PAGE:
The subsequent five matches proved that Lin had the capability to match the NBA standards despite having been ignored since his high school schooling. In fact, Lin became the first NBA player to record over 20 points in five consecutive games. The stellar performance led to the word “Linsanity,” which started trending in different media platforms. Despite the outstanding performance, most media commentators attributed the “Linsanity” to luck. The term ‘luck’ is a depiction of the stereotype that failed to recognize the true elite of an Asian American athlete. The success Lin has attracted a lot of media attention, which seems to negate the skill possessed by Lin that matches other NBA elites.
There are different traits that have been used to describe Lin; unfortunately, they relate to stereotypes that have been ascribed to the Asian Americans in the past. For instance, the use of terms such as ‘shifty’ to describe Lin is stereotypical. The intent of the media may be to depict his ability in the field; however, the term has been used in the past to describe Asians as employing deceit to gain an advantage. In social media, someone likened Lin to Taiwanese Tim Tebo. This is despite the fact that in America, there are many people in which Lin can be likened to, but ascribing his character to a Taiwanese signifies the lessening of the Asian Americans. Most of the descriptions seem to limit Lin instead of focusing on the achievements in his young life and the barriers he has conquered to achieve the status. Jeremy Lin is a classic example of the media stereotyping of Asian Americans. In many cases, he has been portrayed as an underdog. However, his success amidst the stereotypes points to his resilience and downplays the falsehoods of the stereotypes that create perceptions that Asians cannot match the other Americans in the sports arena.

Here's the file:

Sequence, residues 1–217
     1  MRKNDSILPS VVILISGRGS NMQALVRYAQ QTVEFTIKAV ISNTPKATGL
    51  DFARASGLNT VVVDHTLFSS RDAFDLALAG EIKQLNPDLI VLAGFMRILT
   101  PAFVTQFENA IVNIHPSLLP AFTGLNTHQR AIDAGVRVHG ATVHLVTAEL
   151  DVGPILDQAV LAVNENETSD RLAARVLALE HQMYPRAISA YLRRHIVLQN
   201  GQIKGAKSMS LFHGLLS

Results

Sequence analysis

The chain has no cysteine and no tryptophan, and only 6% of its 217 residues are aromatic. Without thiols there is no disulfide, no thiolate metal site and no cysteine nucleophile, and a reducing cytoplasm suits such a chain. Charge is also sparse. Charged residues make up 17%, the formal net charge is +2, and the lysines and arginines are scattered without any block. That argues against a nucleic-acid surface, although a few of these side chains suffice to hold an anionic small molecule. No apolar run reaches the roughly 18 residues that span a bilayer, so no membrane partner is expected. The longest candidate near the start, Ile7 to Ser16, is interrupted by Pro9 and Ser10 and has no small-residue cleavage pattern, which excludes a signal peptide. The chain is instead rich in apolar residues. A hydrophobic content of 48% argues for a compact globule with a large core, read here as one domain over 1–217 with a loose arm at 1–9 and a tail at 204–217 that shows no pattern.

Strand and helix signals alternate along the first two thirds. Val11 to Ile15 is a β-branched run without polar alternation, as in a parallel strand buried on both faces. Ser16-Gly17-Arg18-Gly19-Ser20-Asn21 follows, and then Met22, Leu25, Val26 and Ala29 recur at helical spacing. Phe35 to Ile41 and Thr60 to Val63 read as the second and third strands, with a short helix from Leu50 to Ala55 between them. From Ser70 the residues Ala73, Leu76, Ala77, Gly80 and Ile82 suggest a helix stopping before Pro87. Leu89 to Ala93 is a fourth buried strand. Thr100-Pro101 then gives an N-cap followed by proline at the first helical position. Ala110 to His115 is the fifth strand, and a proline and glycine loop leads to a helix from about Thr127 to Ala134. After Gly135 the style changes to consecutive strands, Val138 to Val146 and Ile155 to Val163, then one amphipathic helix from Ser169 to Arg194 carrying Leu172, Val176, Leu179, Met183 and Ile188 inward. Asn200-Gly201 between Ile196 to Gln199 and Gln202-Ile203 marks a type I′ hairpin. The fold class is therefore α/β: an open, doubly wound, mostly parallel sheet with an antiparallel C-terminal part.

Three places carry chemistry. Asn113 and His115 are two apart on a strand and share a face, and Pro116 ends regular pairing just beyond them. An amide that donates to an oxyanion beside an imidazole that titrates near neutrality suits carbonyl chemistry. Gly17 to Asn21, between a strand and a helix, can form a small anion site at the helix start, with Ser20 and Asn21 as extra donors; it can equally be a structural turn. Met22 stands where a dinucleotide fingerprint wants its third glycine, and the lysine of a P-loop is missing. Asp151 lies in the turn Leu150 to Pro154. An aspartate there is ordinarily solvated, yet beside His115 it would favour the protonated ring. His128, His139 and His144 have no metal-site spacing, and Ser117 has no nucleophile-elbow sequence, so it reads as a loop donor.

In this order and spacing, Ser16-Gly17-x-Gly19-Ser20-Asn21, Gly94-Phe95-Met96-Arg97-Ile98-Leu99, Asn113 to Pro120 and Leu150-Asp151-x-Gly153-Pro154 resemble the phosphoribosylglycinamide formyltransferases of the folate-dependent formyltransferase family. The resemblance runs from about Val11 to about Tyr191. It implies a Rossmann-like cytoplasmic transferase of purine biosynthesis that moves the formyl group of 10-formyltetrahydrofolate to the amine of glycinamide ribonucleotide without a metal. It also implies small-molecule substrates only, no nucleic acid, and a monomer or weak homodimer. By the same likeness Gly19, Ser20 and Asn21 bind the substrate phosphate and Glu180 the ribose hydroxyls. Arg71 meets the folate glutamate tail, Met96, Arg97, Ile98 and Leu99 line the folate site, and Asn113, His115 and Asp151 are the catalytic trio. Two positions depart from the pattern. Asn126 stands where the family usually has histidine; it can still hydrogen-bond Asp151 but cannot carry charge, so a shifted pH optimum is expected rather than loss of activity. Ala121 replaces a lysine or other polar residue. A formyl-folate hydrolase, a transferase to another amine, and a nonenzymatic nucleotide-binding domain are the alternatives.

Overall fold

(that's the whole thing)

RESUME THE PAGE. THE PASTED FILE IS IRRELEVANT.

Critical Cultural Theories
The various critical theories are used in social inquiry. The theories provide a normative basis aimed at challenging in g domination and increasing freedom. The goal of Critical Cultural Theories is to effect widespread change in media and cultural systems.
The type of communication that the modern media has brought is based on programmed sociality in which people from diverse cultures can provide opinions based on the media content conveyed through various media platforms (Cohen & Weinmann 99). The cultivation theory endeavors to explain the effect of media exposure to audiences. The theory stipulates that prolonged exposure to media content affects the way an individual sees the world.
The cultivation theory propagates the idea of the media content and its implication on the public. For instance, in the past, the American media was dominated by the portrayal of Asians and Africans in an inferior manner. As a result, American society formed negative perceptions towards the minority groups such as the Blacks and the Asians. Therefore, the heavy media users are likely to develop a particular perception of the minority groups, either positive or negative. The theory is based on the arguments that the media stereotypes are the same; therefore, no matter the type of media an individual is aligned to, similar stereotypes will be portrayed.
According to Cohen and Weinmann (101), viewing the television can have a long-term effect on the audience and may end up creating a social behavior that relates to the depictions in the media. For instance, the heavy viewers of television are likely to form attitudes and beliefs that the messages and images by television present the reality. Therefore, the fact that there are elements portraying Asian Americans as inferiors, the media followers end up forming the perception of the Asian Americans; hence, the start of speculations. Cohen and Weinmann (99) argued that the attitudes formed are based on the prevailing beliefs that are in contemporary society.